EMV Standard Combats Payment Card Fraud
As recent events demonstrate, the magnetic stripe-based payment cards used by the vast majority of U.S. retailers, banks, payment processors and card issuers are vulnerable to fraud. The Europay, MasterCard, Visa (EMV) standard used by the rest of the developed world stores sensitive customer data on an encrypted chip, rather than on a magnetic stripe, making payment card fraud much more difficult. Erik Vlugt, VP product marketing for electronic payment solutions vendor VeriFone Inc., recently shared insight on the advantages EMV can offer U.S. retailers and their customers and what needs to happen to make widespread EMV adoption in the United States a reality.
What advantages does the EMV standard offer?
At the top level, there are two advantages that EMV offers. It makes card fraud, in terms of stealing data from a customer’s card and making your own duplicate card, impossible. And also global interoperability. The U.S. is the last developed country not on the EMV platform. Adopting EMV in the U.S. would allow people from other EMV-compli-ant countries to use chip cards in the U.S., and vice versa. Going to Europe and using a magnetic stripe card can cause issues.
How do EMV-compliant cards authenticate a customer?
The EMV standard covers three forms of authentication — personal identification number (PIN), signature and no cardholder verification method (CVM) at all. You might have no CVM for a low-ticket item where you just tap your card on a reader, such as at a fast food restaurant. On the equipment side, Verifone enables EMV-compliant capture for all three types of verification. Card issuers will issue EMV cards with a preference. You will likely see Visa promote chip and signature and MasterCard promote chip and PIN. PIN authentication is more secure than signature authentication, but also more complex. There is an argument about whether PIN authentication is worth the extra complexity; existing POS equipment already supports signature authentication.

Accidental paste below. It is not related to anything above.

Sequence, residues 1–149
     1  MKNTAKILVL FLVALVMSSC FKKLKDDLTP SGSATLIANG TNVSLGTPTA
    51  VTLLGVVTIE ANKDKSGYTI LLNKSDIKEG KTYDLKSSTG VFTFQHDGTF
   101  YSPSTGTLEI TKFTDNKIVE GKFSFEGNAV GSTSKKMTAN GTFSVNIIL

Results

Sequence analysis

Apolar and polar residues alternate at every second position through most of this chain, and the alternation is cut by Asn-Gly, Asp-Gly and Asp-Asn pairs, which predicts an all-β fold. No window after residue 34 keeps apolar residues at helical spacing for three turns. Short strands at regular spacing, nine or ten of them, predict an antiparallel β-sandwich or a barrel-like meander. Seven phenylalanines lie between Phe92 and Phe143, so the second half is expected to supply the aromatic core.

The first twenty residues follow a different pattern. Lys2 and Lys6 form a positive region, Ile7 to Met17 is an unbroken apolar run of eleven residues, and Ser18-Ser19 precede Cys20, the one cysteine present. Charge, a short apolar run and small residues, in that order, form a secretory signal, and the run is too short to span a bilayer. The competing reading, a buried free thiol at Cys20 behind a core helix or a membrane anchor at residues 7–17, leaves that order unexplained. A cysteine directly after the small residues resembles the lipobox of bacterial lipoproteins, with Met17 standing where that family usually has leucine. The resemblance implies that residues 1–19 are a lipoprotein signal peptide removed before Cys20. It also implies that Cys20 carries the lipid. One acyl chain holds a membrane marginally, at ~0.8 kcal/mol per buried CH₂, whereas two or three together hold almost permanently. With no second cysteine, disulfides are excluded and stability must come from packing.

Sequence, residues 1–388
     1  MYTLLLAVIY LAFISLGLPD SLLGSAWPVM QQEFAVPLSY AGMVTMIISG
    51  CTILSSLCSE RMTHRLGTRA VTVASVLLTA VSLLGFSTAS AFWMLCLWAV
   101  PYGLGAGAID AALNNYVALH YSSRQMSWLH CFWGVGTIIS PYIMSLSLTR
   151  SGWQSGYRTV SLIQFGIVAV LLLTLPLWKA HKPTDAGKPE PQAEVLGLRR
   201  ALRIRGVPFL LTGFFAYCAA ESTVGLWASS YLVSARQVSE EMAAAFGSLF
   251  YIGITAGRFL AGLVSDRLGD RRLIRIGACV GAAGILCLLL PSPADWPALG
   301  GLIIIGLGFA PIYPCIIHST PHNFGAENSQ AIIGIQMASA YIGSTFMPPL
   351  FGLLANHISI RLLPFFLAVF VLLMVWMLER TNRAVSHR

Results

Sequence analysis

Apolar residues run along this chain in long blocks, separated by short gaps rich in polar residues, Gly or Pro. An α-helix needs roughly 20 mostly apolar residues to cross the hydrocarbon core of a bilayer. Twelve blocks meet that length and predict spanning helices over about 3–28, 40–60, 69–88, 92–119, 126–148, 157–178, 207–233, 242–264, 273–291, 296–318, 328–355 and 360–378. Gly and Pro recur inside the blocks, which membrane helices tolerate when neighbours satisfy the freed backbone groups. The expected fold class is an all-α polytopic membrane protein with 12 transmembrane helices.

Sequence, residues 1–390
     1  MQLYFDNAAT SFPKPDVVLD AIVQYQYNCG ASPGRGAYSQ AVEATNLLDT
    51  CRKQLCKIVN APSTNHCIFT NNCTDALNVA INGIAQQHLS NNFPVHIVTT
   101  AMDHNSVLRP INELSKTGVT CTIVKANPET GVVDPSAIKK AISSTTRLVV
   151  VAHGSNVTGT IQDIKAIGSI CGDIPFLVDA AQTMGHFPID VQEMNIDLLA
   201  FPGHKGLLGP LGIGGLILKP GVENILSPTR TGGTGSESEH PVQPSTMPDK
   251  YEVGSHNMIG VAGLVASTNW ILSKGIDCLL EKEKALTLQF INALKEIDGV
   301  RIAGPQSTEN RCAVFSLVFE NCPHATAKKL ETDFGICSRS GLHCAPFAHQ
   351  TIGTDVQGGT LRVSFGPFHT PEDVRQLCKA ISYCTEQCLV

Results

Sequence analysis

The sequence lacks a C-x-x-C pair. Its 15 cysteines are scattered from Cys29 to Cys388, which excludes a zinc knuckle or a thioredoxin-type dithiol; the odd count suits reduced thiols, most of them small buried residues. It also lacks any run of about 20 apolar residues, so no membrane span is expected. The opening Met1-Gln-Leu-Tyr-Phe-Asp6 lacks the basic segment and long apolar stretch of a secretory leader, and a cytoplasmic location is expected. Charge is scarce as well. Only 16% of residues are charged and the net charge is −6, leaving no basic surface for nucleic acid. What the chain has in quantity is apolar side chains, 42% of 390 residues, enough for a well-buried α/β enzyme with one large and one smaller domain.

What effort would be involved in widespread EMV adoption in the United States?
Large retailers and national chains would have a reasonable effort. They would need to upgrade and support acceptance equipment on the hardware side. On the software side, retailers must upgrade downstream POS software and switch software, and the processor must certify their new system and test end-to-end data capture to the payment network before allowing them to operate. There is a lot of incremental effort. Smaller retailers typically use a third party to certify their payment networks, so it’s less of an effort for them.
What impediments exist to adoption of EMV in the United States?
The cost of upgrade, as well as the large U.S. market with a wide variety of acceptance types — POS terminals, ATMs, kiosks, etc. — are impediments. However, three years ago Visa put in a liability shift (that goes into effect October 2015) as an incentive. The U.S. is the only developed country where you can easily commit card fraud.
What is VeriFone doing in terms of EMV-compliant technology and assisting retailers in switching from magnetic stripe technology?
We are providing lots of education; we are a very consultative company. This includes webinars and one-on-one meetings. We also help our clients upgrade their magnetic stripe card acceptance systems beyond EMV compliance. A common misconception is that once you start using EMV-compliant technology, card data is secure. In actuality, the data is secure on the card but once the card is inserted into the reader, the customer’s card number travels in the company’s network in unencrypted form. VeriFone seals the customer’s data in encrypted form as it travels through the network and doesn’t decrypt it until it gets to the processor.
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